Recently I read an article describing how opportunistic hedge funds have been swooping in and picking up bargains in high yield corporate bonds and senior loans after the sharp selloff this summer. These funds prefer this sector to richly priced US Treasury debt.
The Invesco Van Kampen Senior Income Trust (NYSE:VVR) is a relatively “pure play” higher quality senior loan CEF. At the end of August, 93% of the VVR portfolio was in senior loans with about 86% 1st lien loan and 7% 2nd lien loans. The remaining 7% of the portfolio is in corporate bonds, equities, short term devt and cash.
Last month, I wrote a report on VTA which is another Invesco CEF that also invests in senior loans. By contrast, VTA has only 77% of the portfolio in senior loans with only 67% in 1st lien loans.
About 40% of the VVR portfolio is invested in loans with “LIBOR floors”. A LIBOR floor is a feature sometimes built into a debt instrument whose interest payments are linked to LIBOR. Floating rate loans with a LIBOR floor pay an interest rate of LIBOR plus the applicable margin as long as LIBOR remains above the specified floor level. If, however, LIBOR falls below the floor, the interest rate is the LIBOR floor level plus the applicable margin. Essentially, this makes it a fixed rate loan until the LIBOR rate exceeds the specified floor level. LIBOR floors have been used more recently in the low LIBOR environment we have seen since 2008.
Compared to most other fixed income investments, using leverage on senior loan investments involves less risk from rising short-term interest rates, since the income from senior loans adjust to rising rates once the LIBOR floor level is exceeded.
One thing I like about 1st lien senior loans is that they are most senior in the capital structure and interest on the loans is often continued even when there is a default. The loan recovery for many of these defaulted loans can be very high.
The annual default rate for VVR has consistently been well under 1%. For the last trailing 12 months ending in August, the default rate for the VVR portfolio was actually zero!
VVR is currently selling at a discount to NAV of -8.39% compared to the 6 month average discount of -2.34%. The 1-Year Z-Statistic is -2.36. This means the current discount to net asset value is more than two standard deviations below the mean.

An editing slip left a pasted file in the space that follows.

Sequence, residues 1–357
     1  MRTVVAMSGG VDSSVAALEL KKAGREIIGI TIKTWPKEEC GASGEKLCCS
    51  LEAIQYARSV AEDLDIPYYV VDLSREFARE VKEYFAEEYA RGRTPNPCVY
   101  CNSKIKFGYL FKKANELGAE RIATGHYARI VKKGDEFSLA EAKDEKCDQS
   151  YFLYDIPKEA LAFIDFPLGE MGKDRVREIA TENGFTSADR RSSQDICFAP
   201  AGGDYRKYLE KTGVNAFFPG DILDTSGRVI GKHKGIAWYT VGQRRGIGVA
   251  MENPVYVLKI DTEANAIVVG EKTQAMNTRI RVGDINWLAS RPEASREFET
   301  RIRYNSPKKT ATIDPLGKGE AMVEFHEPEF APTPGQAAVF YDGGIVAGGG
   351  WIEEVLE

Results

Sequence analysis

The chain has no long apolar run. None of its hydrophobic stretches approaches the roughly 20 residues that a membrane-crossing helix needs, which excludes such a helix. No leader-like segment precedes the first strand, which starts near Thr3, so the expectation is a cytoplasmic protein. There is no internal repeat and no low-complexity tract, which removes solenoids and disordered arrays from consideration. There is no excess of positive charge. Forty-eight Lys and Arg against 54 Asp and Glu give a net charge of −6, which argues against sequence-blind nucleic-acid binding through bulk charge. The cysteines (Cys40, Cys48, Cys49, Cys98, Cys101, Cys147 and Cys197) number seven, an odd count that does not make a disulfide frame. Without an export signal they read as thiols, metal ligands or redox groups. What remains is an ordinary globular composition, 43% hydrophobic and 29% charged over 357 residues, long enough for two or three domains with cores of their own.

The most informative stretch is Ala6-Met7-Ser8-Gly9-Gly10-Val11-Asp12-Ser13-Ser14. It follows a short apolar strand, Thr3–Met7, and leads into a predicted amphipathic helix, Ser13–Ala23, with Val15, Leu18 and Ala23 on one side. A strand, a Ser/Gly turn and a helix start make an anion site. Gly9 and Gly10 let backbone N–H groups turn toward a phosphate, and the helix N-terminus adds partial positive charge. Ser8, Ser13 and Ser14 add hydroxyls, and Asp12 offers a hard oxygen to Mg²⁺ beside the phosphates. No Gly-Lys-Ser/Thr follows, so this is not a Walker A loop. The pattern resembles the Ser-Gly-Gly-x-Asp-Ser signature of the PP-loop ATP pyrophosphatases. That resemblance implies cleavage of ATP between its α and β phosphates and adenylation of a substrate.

VVR has been paying a steady monthly distribution of $0.024 per month. The average monthly earnings per share was reported as $0.0248 in August, so the fund has been earning its payout. But the average UNII per share (undistributed investment income)is -$.002, so there is not a large margin of safety against a future dividend cut.
Portfolio Management Team
Earned an A.B. from Harvard College and an MBA from the Darden School of Business at the University of Virginia.
Phillip Yarrow, CFA
Chartered Financial Analyst, portfolio manager, has managed the Fund since 2007. He earned a B.S. in mathematics and economics from the University of Nottingham and an M.B.A. in finance from Northwestern University.
Capital Structure Breakdown (as of 08/2011)
1st Lien Senior Loan
2nd Lien Senior Loan
Moody’s Credit Quality (as of 08/2011)
Invesco Van Kampen Senior Income Trust (VVR)
- Total Assets= 1178 MM Total Common Assets= 828 MM
- Annual Distribution Rate= 6.76%
- Dividend Frequency= Monthly
- Current Monthly Distribution= $0.024 per share ($0.288 per year)
- Loan Default Rate (trailing 12 months)= 0.0%
- Baseline Expense ratio= 1.01% (before interest expense)
- Discount to NAV= -8.39% 6 Month Avg. Discount= -2.34%
- Portfolio Turnover rate= 50%
- Leverage= 30%
- Average 3 Mos. Daily Trading Volume= 618,000 shares (about $2.95 MM)
The Federal Reserve has announced a policy of keeping short-term interest rates at zero until 2013. I believe this partially explains why the discount to NAV has widened recently on VVR and other floating rate bond closed-end funds. It is true that the zero interest rate policy should keep the floating rate cash flows low for the next few years, but over 40% of the portfolio earns higher interest than the floating rate margin because of the LIBOR floors.
The fund benefits from fairly low borrowing costs. The average cost of fund leverage was reported as 2.67% in August, which is below the NAV yield of 6.26%.
VVR is attractive now as a very low duration, higher income play. It is a good holding for a tax deferred retirement account. I believe it is quite possible that the discount to NAV may narrow over the next few months which would add to the total return. VVR is fairly liquid and usually trades over 700,000 shares a day with good size available on the bid-ask spread.